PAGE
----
When teachers use high-level tasks as the basis for their teaching, students are presented with the opportunity to engage in rigorous thinking. Cat Haist, who teaches eighth grade math in East Haddam School District, explains: “I love using [high-level] tasks primarily because student engagement is so much higher. I’ve actually had students arguing about whose answer is ‘correct’ (and they both were!) merely because their work was represented differently. IFL tasks enable me to take THEIR ideas and summarize them, which is so much more meaningful to all of us than for me to simply tell them the process and the how-to’s.”

Getting students to the point of debating and justifying their thinking takes work. Teachers and students alike need to engage and be willing to persevere in the process. Schroth shares what was most difficult in his classroom: “I think the biggest challenge for me was sticking with the tasks when the students struggled. The first couple times I felt like a failure because the students just couldn’t get through the problem. They didn’t want to try to work through it because they didn’t know it, and I couldn’t help every single student out. I wanted to give up on the tasks and chalk it up to my kids weren’t ready for them and it was too difficult for them. I hated seeing that struggle and I hated seeing that disappointment in their faces when they couldn’t do it. However, after going over those first couple tasks with the classes afterwards and showing them what I was looking for, you could almost see the light bulb going off for more and more of them… I decided to keep exposing my kids to the tasks, and I believe they are getting more and more comfortable with the idea of a high-level task, and I believe that the majority of the students are starting to believe in themselves in that they are capable of getting through a task.”

Implementation is difficult on several fronts and takes time to develop. Early on in the process and when instructional focus slips, there is a chance that a high-level task is not implemented in a way that maintains its demand. Sometimes teachers inadvertently diminish the cognitive demand of a high-level task by shifting the focus of the work to “getting the answer” as opposed to pressing for meaning, concepts, or understanding of the mathematics. Sometimes teachers rush through the task, rather than providing adequate time for students to explore, grapple, and make sense of the mathematics, which also results in lowering the cognitive demand. The instructional choices that teachers make when implementing a high-level task can result in either maintaining the demand of the task or lowering the demand. See a full list of the factors that result in the maintenance or decline of the task’s cognitive demand.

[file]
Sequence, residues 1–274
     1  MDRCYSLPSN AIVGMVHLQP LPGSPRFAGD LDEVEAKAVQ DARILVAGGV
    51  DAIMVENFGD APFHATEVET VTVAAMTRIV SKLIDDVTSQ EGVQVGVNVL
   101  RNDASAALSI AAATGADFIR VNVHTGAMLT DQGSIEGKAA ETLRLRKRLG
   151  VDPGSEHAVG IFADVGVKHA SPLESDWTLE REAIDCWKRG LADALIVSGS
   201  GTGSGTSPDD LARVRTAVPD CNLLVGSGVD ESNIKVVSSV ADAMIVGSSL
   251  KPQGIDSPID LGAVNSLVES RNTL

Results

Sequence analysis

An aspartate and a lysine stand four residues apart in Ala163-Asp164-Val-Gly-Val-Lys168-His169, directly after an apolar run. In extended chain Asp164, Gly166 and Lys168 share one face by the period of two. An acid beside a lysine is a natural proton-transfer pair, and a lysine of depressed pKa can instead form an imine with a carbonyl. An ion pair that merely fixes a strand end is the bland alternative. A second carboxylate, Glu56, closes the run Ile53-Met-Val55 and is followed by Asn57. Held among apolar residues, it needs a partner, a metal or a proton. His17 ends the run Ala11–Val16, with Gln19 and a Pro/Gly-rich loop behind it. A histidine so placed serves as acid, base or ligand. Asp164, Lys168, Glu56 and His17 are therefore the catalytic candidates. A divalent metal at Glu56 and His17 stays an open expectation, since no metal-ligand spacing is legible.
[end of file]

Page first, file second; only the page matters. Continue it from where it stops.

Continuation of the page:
Haist, who has been using high-level tasks for a few years and continues to work on how to ensure rigor in her classroom, says: “One of my biggest challenges is to stay focused on my desired lesson outcomes. This year I’ve been really focused in all my lessons to assess daily student learning… By reflecting on the essential components of a task (and every lesson, for that matter), I am better able to use the tasks to advance all student learning.”

In the end, yes, using high-level tasks in math classrooms is worth the effort and energy. Not only do high-level task offer students opportunities to think and reason about mathematics, but engaging in such tasks regularly also changes how students see themselves. As Schroth concludes, “What I have found when using high-level tasks is that my students are starting to believe in themselves with regards to figuring out problems.”

Special thanks to the contributing teachers in our partner districts:

  • Cat Haist, eighth grade math teacher in East Haddam, CT
  • Chris Schroth, sixth grade math teacher in Syracuse, NY
  • Aaron Fitzpatrick, second grade math teacher in Pittsburgh, PA